Ken Nicholas Photography Astronomy & DIY CNC

Emergency Stops

June 29, 2015

Well as we go along and all seems well with the world another small annoyance pops up.

Decided I was going to do a small job in aluminium, nothing too large just a small bracket to mount a 25 pin D connector for the breakout of port 2, this was to be the first metal cutting job and done with a 1/8th end mill.
Drew up the detail and generated the code and off to the machine, setup and away we go, about 10 mm into the first pass and I get an Emergency stop.
No apparent reason so reset rewind and start again, about another 10 mm further into the cut and another Emergency stop????
This process went on for another dozen times until the job was finally cut but unfortunately with a minor error on a restart from the wrong point in the code. Fortunately just a test.

Went out again today to find a reason for all this as the errors were a mixture of just "Emergency Stop" or "Emergency Stop with Limit switch"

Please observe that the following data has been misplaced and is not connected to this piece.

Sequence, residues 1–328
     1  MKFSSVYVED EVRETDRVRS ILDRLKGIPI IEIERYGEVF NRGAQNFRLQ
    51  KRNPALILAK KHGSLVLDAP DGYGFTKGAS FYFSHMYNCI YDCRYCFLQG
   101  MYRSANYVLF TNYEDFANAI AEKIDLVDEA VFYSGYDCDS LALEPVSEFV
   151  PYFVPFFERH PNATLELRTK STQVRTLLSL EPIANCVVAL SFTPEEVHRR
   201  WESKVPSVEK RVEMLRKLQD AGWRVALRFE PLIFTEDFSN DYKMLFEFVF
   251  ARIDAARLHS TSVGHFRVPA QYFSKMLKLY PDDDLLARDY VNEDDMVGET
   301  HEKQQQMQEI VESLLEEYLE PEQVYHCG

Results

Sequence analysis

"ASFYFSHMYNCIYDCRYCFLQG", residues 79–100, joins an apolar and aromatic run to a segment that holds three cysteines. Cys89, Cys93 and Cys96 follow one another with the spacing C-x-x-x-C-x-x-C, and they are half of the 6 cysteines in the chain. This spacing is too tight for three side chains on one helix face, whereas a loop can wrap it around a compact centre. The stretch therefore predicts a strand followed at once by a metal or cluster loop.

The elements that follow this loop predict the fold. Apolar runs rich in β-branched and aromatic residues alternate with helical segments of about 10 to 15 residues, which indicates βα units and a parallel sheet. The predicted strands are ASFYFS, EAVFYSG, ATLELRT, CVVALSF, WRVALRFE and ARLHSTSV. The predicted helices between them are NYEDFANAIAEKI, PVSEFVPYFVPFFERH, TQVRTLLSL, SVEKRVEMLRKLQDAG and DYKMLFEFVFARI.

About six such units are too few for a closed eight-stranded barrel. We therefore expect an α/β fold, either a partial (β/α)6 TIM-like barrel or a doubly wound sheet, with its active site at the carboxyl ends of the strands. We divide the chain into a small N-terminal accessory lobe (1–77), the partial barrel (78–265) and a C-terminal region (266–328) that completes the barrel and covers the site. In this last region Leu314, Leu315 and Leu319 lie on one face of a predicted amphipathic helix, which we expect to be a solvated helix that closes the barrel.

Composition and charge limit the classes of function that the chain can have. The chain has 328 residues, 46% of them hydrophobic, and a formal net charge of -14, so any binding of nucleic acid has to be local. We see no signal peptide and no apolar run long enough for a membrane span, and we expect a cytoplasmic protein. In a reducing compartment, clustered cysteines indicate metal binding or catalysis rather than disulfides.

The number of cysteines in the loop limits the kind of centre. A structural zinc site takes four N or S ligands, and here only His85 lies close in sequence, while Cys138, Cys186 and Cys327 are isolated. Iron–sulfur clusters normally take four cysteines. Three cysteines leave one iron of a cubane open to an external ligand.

So powered everything up picked up an allen key and gave one of the Limit switches a tap and bingo Emergency stop. Went around the other Limit Switches giving them a small tap and the same result, Emergency stop from a small tap causing a vibration as was most likely the case when cutting the aluminium. This vibration as it turns out is enough to cause the Limit/Micro switches break contact momentarily and this is enough to trigger the watchdog and bang an emergency stop.

So now I have to go to trouble of isolating the switches somehow to stop any machine vibrations from effecting them or change the setup to a "Normally Open" but this is a less desirable way to operate as one would have to do a switch safety check before each use to confirm there correct operation.

Just another annoyance of the problems of designing and building from scratch but as I work in a research and development environment this is what happens when you build something completely new.

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Due to the microswitches being sensitive to vibration, you may need to consider slotted optical switches. I would use lever type switches for the physical hard limits but use optical for working limits. I am designing an electronic tensioner for racquet stringing, where I propose using optical for normal operating ranges, and hard limit switches to cut power for when something goes wrong.

Thanks John,
Yes after a bit of investigation that turns out to be the case so I will be getting some optical switches to get over this problem.